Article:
Splendid

September 24, 2013

It’s a Disaster

It’s a Disaster: Splendid

2012 / 88 min / Comedy | Drama

If you’re looking for a film to watch this week I found it.

With all the crap that is around these days on TV and even in the theater, check out; It’s a Disaster.

The film itself is far from being a disaster. It’s very witty, funny and down right enjoyable.

It’s Splendid.

My favorite part of the whole film is how it does a turn in the story. At first you’re presented with a simple friends meeting to have dinner type of film. You know the type. Each character is having his and hers relationship problems, cheating and simply falling out of love. Everyone knows each other, there all good friends and this is something they have been doing for quiet a while now.

The only new person at the table is David Cross, who I’ve always thought steals the show of which he’s on, even in interviews, he just steals the spotlight in his funny way.

The dialogue is lovely and the random characters like the next door neighbor and the call center guy, don’t just pop up without the viewer noticing. They pop up and steal the scenes making you laugh.

There is a ton in this film that I feel will make you smile ear to ear and keep your eyes glued to your TV.

The ending might upset a few, but I thought it was just downright perfect… Enjoy!

August 5, 2012

American Splendor

SPLENDID

Even with the recent commercial successes of this and this, people still look down on comic books, their readers, and especially their movies.   To malign the worth of comic books is extremely short sided.  Comic books are just another medium of entertainment.  No different than a novel, or song, or television show.  There are even certain comic books and comic book creators recognized for their work.  Some that receive awards.   Most look to the works of the strange and grumpy Alan Moore.  But forgotten is the even more strange and grumpier Harvey Pekar. (Pronounced PEE-KAR)  American Splendor circles the life of Harvey, the award winning comic book he made and the life that influenced it.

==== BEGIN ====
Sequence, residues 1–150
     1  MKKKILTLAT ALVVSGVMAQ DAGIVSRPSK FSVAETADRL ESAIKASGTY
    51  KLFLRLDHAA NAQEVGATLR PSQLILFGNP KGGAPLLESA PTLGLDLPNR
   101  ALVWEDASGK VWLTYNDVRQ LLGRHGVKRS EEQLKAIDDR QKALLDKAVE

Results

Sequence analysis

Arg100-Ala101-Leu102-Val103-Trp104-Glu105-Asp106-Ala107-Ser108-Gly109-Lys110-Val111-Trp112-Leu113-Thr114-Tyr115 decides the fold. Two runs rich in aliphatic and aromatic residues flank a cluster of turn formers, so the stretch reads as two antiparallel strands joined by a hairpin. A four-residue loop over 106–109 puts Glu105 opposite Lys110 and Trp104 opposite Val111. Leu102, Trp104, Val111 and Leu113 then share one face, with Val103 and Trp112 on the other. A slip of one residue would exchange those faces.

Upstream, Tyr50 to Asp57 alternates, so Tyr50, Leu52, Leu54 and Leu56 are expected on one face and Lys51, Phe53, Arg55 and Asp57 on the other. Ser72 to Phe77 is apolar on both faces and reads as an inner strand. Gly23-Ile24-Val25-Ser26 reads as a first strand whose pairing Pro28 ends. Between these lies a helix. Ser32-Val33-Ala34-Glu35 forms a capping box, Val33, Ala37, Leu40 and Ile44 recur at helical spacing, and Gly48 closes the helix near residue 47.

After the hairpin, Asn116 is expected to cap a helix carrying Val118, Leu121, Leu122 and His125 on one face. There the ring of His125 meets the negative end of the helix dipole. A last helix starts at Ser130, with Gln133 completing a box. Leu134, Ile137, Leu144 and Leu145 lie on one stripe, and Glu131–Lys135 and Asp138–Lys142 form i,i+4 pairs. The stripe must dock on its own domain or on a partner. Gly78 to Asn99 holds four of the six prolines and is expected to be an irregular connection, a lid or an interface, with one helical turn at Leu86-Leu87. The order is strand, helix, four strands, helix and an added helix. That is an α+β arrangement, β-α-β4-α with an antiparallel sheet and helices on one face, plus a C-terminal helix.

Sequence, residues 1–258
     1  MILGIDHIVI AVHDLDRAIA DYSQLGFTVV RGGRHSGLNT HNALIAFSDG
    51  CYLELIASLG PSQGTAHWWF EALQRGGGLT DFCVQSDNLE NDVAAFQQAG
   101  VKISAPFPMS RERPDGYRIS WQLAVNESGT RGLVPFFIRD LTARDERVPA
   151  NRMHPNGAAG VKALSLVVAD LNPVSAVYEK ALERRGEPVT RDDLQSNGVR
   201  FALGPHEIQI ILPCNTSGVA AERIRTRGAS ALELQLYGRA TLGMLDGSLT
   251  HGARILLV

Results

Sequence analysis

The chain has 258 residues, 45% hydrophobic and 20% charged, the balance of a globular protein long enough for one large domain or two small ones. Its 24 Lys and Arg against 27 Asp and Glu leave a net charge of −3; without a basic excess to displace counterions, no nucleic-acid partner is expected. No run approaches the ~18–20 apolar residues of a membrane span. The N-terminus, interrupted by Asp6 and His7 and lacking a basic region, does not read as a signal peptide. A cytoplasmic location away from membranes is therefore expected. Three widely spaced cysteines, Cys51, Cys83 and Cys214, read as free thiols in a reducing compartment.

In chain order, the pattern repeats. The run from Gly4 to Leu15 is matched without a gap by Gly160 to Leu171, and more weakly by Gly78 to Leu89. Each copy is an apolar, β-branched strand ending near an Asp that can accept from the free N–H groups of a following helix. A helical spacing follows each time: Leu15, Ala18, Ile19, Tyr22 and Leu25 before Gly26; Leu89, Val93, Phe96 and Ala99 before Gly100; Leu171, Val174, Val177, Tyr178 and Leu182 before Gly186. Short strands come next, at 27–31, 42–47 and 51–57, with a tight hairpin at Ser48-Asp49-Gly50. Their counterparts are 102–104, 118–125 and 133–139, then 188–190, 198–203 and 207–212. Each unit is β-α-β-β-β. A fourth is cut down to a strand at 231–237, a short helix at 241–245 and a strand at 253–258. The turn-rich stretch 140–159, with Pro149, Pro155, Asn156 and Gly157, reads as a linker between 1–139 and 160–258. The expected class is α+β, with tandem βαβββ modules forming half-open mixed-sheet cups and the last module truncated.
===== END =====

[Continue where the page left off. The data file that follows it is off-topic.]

What makes American Splendor different than other comic books you’ve probably read or heard of is that its not about a superhero.  Its about a normal guy facing normal problems.  Cancer.  Loneliness.  Love.  Loss.  Mortality.  Stark reality up front in center.  To see these issues addressed through comics separates this film and Harvey Pekar’s story from the other cookie cutter movies that do the same.

American Splendor has a format that leads me to believe producers were uncertain as to how they wanted to make the film.  Its a documentary that turns into a movie that turns into a documentary about a movie.  There are times directly after scenes where an actor gets to interview the person they are portraying.  But it works seamlessly and becomes an interesting mechanism in telling the story.  No film I’ve seen has ever done this.

Though he can be overbearing at times, Paul Giamatti is someone I’ve always liked as an actor.  He’s perfect in this role and, in my opinion, gives his finest performance as Harvey Pekar.  You’ll love Hope Davis as very reserved Joyce Brabner.  You’ll be mesmerized by the unrecognizable Judah Friedlander as Toby.  However, its the real Harvey that stands out to me in this.  Giamatti handles the thematic aspect of the role but you will be drawn more to the scenes where Harvey talks to him.

American Splendor is a very SPLENDID film about a real person with real problems who managed to use those problems to make an impact on the literary world.  A man that should get a little more attention than he does now.  Watch it….then tell me I’m wrong.

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